Tale of the tape: Former USC quarterback Max Browne understands Trojans’ struggles on offense
Former USC quarterback Max Browne, who is now a college football analyst, talks about the Trojan’s struggles on offense.
Max Browne’s film room now exists in the den of a Hermosa Beach bachelor pad. The former USC quarterback is bunking up here with a friend as he surveys the landscape of his post-college life, and his hope is to find a way to stay in the game.
Browne still loves football, even though it has not loved him back these last years, breaking his heart time and time again.
“I hate being negative,” Browne says, “but it was a nightmare.”
He leans his long frame over a laptop resting on the coffee table, clicking through play after play of another quarterback’s ongoing bad dream. Browne wants to help explain what is happening with JT Daniels and the confounding 2018 USC offense, and, as any Trojan can tell you, there are too many bad plays from which to pick.
Browne’s goal is to play football professionally next season — he is recovering from a torn labrum he sustained last year as a graduate transfer at Pittsburgh — but he’s learned enough to prepare himself for the alternative. He wants to be a TV color commentator, and he’s spent this fall trying to prove himself capable with a weekly analysis of Pac-12 football on YouTube.
Browne starts this tape dissection with Daniels in the run-pass option or RPO game. The RPO is a young football concept that USC uses a handful of times per game. It is a called run play that gives the quarterback the option of reading one player on the defense, usually a linebacker, and pulling the ball from the running back’s belly and instead throwing a pass. If the linebacker goes with the running action, you throw it to the side of the field he just vacated. If the linebacker doesn’t flow with the run, you leave the ball with the running back for the play as originally called.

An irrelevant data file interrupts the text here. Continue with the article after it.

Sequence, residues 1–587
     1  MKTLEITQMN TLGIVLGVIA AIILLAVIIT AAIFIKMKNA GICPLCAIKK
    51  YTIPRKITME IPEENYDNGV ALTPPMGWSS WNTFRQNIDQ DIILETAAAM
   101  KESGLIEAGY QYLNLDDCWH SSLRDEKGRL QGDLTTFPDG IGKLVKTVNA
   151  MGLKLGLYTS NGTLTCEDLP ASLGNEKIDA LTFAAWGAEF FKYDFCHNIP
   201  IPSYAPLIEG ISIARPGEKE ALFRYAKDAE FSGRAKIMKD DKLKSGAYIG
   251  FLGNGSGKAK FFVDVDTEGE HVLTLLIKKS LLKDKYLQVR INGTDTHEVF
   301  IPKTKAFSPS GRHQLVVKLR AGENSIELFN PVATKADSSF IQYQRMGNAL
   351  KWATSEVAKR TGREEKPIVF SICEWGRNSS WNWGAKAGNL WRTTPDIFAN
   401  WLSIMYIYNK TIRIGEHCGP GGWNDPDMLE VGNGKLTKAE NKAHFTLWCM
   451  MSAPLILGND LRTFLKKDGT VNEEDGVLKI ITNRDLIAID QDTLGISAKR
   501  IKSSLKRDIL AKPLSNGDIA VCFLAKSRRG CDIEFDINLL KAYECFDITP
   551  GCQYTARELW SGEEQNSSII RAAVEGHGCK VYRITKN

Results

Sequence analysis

Browne pulls up one of the crucial mistakes Daniels made in USC’s loss to California on Nov. 10. The Trojans, leading 14-9 but stumbling out of halftime, faced a second-and-18 situation. Clay Helton called for an RPO with Vavae Malepeai running to the right. Daniels kept the ball. He had two receivers out to his left, each seemingly facing soft coverage. Daniels elected to throw the ball to the inside receiver, but what he didn’t see in time was that Cal cornerback Traveon Beck had broken toward the ball for what would be a back-breaking interception.
“He didn’t necessarily make the wrong decision to pull it,” Browne says. “If you’re coaching this, you’re saying, ‘Go outside, this coverage is a lot tighter than that coverage.’ I like the outside throw a lot better than the inside throw.”
In reviewing the play, it also seems Malepeai could have had a big gain if Daniels had handed it off. Of course, it was second-and-forever, so Browne gets why Daniels kept it. He simply chose the tougher of two throws and paid for it.
Browne shows several other RPOs that did not work against Cal. A couple of passes failed because of missed blocks by freshman wide receivers on the outside. On another, Daniels made the correct decision to keep the ball and throw it to the outside receiver on a slant, but the ball was batted down at the line.
For comparison’s sake, Browne pulls up a play from the 2017 Cal game with Sam Darnold at quarterback. It’s essentially the same design, but Darnold completes the slant to Deontay Burnett for a first down.
There is no clear reason to Browne why one play worked and not the other, but he senses a bigger difference between 2017 and 2018 than can be understood in one play.
“When Darnold was behind center, you get the feeling SC was always in attack mode, really putting pressure on the defense,” Browne says. “There’s a lot more cushion in 2017 than there is in 2018. The defense might be scared, therefore you get easier throws like this because of the output of the offense. In 2018, you’ve got defensive backs attacking the ball. They’re not fearing the offense.”